It can get lonely, and I am very much ok with my own company a lot of the time, but sometimes it can be a bit much to just be talking to yourself. My boyfriend is super lovely but does have to go out to work, so I’m alone at home most of the day.

I try to visit with my friends or my family as often as I can. My Mam is always there on the end of the phone too, and I try to catch up with her once a week with a cuppa. A good chat and seeing some of my friend’s children is always fun, and tackles the lack of colleagues.

I also swim 2-3 times a week which is a little bit social and time out of the house. It’s really good for me to exercise as I’m very sedentary day-to-day. It’s also good for getting some head space as there is zero pressure, no social media or a phone pinging…it’s just me against the water! I find I’m fitter, sleep better, and I’m much happier since I started about 2 years ago.

I also have some lovely online friends, and I’m a member of a few groups on Facebook, and also the Sparkle Showcase market nights which is a very supportive. It’s nice to have a community of likeminded creatives to chat with, whether it’s personal or business.

My biggest struggles were in 2011 when everyone died, and I think if I can get through that year, then I can face anything. It was horrendous. However, it’s both the best and worst thing that’s ever happened to me, because if I had been happier and earning more in my job at the time, I think By Charlie’s Hand could have potentially been a side project or hobby for a lot longer and never become what it has today.

Q10. Are there any tools in your studio that you simply can't live without?

Scalpel, cutting mat, and pencil! I could probably get by without everything else, except maybe my phone for social media, emails and photos.


Q11. What does your work space look like?

A mess! I am not a tidy person. Every so often it looks like a show studio, and then 99% of the time I work in a small square on my desk and it’s chaos! It’s the small box bedroom of our house and it’s my little slice of heaven.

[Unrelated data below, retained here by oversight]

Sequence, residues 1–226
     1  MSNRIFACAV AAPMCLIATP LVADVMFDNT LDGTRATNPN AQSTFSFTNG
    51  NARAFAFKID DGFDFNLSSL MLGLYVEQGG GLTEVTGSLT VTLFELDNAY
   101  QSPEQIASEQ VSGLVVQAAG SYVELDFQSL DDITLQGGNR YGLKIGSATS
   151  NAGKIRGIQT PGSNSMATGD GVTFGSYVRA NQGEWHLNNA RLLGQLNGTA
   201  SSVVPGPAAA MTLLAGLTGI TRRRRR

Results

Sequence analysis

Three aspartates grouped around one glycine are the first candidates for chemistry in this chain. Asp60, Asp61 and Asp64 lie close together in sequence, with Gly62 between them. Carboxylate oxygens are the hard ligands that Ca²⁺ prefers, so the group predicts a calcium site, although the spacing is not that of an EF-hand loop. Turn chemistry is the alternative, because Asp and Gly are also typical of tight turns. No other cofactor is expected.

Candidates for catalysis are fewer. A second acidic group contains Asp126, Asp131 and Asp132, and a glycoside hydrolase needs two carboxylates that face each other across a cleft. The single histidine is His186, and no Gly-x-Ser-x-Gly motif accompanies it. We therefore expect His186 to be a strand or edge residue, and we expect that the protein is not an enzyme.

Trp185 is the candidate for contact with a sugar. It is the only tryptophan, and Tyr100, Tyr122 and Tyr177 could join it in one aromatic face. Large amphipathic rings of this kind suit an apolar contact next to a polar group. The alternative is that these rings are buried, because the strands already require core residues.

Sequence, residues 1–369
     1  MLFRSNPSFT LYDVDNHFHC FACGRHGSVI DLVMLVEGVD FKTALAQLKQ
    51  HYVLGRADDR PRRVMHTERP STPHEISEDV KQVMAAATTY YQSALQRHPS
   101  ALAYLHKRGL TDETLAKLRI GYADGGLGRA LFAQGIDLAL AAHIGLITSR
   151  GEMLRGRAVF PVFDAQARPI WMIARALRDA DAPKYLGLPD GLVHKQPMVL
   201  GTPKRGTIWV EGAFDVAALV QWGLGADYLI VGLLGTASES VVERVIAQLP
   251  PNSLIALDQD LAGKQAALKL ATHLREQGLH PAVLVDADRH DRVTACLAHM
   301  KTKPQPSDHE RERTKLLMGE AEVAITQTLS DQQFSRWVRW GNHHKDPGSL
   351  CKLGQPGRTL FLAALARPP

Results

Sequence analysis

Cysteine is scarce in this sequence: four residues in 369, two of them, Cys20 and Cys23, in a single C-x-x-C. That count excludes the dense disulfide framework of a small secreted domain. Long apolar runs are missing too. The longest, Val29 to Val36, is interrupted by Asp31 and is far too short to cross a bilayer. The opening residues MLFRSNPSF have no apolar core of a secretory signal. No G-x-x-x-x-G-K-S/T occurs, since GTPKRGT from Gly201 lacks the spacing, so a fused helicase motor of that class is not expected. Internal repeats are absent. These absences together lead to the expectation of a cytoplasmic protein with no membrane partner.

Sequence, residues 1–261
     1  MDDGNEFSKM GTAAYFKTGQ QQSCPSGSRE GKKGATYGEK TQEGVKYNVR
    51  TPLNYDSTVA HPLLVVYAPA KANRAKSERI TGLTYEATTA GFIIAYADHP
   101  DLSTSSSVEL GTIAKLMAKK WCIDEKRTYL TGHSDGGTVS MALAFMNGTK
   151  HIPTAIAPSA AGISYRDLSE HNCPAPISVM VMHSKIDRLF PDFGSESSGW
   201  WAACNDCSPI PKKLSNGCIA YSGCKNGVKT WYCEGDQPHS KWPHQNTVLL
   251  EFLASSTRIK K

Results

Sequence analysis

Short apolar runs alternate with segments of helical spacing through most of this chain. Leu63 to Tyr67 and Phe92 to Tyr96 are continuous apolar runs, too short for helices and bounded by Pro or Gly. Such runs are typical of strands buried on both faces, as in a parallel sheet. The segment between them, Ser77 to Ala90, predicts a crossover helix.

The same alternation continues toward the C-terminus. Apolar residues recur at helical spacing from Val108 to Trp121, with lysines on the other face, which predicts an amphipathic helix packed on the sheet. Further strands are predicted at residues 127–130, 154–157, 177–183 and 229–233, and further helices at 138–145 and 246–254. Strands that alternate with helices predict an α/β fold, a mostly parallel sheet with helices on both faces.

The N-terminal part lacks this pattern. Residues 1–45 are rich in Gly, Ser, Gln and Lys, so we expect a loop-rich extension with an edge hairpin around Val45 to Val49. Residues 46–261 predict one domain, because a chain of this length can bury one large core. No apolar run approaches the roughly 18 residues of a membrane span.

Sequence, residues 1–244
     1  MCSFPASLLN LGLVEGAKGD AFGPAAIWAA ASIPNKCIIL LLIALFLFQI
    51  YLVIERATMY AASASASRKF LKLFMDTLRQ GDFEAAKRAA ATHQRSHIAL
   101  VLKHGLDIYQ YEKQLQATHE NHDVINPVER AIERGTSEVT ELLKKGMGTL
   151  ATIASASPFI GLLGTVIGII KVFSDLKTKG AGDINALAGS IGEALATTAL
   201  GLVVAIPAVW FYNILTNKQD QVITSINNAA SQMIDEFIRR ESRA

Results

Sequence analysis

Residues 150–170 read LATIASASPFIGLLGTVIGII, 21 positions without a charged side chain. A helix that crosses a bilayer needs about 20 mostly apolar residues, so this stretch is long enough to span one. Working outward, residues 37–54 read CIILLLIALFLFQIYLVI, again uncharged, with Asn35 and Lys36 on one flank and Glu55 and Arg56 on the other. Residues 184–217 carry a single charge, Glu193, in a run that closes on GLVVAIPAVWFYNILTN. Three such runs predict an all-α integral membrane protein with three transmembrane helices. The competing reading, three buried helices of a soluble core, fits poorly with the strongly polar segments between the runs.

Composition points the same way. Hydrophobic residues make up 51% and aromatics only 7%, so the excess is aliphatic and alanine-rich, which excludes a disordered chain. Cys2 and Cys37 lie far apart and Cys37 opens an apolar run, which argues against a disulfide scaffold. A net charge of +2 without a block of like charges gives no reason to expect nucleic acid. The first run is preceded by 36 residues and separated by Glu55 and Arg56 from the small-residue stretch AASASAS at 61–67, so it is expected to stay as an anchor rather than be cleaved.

Q12. Describe your typical day as an artist…

I usually get up after my boyfriend has gone to work and have a shower and dressed. I can’t work in my pajamas, and I feel like showering and getting dressed – even if it’s just leggings and a comfy top – sets me up for working.

I’ll then grab a cup of tea, maybe something little to eat, and then hit the studio. My day isn’t always the same as I do different things, but generally I work until 1pm and then have lunch. I make sure I take 30-60 minutes for this as I found I wasn’t taking time to eat or have a break, and it’s important to do that. I pop to the post office when I need to, usually in the afternoon.


Then I work until 5.30-6pm when my boyfriend comes home and we have dinner. I’ll either go back up to work until 9ish afterwards, or just chill on the sofa doing some drawing on the iPad.

I find this works for me as I’m trying to switch off more during the night and put my phone down, and ignore social media and emails. Instead, I try to watch TV with my boyfriend, or go swimming.

Working all hours isn’t always conducive to being more productive. Your work can suffer, and it’s not good for your mental health either.

Q13. What things do you do in your day-to-day life to encourage personal growth as either an artist or an individual?